There is great hope in electric cars: to remain mobile without harming the environment or the health of others. But can the electric car deliver what it promises? Scepticism is growing. Here is an overview.
The new Euro 7 standard will effectively ban combustion engines from 2025. A synthetic fuel that is climate-friendly and yet can be used for internal combustion engines is supposed to save the traditional engine. But production and costs are causing problems.
The truck industry criticises the EU's targets as too lax. They themselves want to put 200,000 zero-emission trucks on the roads by 2030 and are calling for tougher rules for diesel trucks. The targets are ambitious, but possible with the help of the EU, which is letting the industry down.
The new US president has announced a new era for American carmakers. He is fully committed to the conversion to e-cars. In contrast to the EU, however, he does not want to initiate this with driving bans for internal combustion engines, but rather promote e-cars through subsidies and incentives.
High subsidies for plug-in hybrids will soon only be available for vehicles that can drive at least 60 km in pure electric mode. This could mean an end to the hype surrounding these vehicles in Germany.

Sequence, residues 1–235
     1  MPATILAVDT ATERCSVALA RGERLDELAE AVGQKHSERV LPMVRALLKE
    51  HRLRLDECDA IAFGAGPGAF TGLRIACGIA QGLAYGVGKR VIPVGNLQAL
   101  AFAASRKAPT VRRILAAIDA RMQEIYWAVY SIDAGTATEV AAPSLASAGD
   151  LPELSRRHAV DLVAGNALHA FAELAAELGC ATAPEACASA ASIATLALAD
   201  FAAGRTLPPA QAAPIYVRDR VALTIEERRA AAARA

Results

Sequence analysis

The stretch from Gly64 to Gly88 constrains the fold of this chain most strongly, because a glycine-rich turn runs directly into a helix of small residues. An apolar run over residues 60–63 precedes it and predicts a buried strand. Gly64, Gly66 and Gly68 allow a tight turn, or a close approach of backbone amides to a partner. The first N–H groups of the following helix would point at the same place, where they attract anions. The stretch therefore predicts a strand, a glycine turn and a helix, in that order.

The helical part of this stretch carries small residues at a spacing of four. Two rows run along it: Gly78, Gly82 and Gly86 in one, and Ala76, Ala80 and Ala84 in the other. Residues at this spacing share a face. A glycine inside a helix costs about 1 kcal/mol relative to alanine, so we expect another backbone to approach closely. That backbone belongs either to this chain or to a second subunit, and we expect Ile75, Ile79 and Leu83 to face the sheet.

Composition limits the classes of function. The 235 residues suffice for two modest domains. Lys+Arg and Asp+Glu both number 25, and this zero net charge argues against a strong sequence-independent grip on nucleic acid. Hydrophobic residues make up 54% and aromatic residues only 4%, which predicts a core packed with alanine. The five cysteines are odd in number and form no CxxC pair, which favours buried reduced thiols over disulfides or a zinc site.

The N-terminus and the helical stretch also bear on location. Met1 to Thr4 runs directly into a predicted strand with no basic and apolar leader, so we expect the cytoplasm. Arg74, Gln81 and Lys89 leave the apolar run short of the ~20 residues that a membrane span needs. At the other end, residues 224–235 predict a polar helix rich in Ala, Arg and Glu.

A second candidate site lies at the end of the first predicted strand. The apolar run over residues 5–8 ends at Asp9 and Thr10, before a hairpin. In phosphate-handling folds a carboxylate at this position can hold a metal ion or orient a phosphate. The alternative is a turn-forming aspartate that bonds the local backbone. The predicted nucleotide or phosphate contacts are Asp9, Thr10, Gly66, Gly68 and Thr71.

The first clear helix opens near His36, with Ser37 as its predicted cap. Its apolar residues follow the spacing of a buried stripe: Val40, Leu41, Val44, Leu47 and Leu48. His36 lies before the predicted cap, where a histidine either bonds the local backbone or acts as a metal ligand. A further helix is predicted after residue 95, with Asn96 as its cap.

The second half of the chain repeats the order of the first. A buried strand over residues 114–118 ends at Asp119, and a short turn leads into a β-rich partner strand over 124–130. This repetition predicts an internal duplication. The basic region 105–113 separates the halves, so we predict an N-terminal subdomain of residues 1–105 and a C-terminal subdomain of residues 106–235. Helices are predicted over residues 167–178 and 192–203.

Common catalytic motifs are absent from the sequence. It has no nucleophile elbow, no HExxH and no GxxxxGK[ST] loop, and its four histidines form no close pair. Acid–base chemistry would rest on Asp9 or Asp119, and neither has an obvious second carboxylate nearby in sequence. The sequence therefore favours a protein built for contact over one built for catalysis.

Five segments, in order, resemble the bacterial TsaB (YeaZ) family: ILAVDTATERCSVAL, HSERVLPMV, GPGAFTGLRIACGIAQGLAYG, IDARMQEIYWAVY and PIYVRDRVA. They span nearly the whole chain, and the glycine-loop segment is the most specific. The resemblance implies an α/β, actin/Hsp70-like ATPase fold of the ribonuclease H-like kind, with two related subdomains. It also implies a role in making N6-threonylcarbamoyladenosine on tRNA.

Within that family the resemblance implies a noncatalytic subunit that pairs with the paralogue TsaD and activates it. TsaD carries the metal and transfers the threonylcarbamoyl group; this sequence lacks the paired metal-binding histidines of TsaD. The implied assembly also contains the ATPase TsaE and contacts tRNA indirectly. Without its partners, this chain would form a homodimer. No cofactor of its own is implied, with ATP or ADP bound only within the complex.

The vehicles emit up to 12 times more CO2 than the manufacturers claim. Some experts suspect cut-off devices which deliberately make the measured values appear low.
The sale of new petrol and diesel cars will be banned sooner than planned. The country is thus putting pressure on the automotive industry, including on the European continent.
Deutsche Umwelthilfe laments the real emissions of new trucks on the roads and demands a rethink.
The state government in Lower Saxony is preaching traffic turnaround and climate protection - and continues to rely on heavy diesel limousines.
About 25 percent of the state subsidies for electric cars will be rejected, as the federal government announces on request of the FDP Bundestag faction.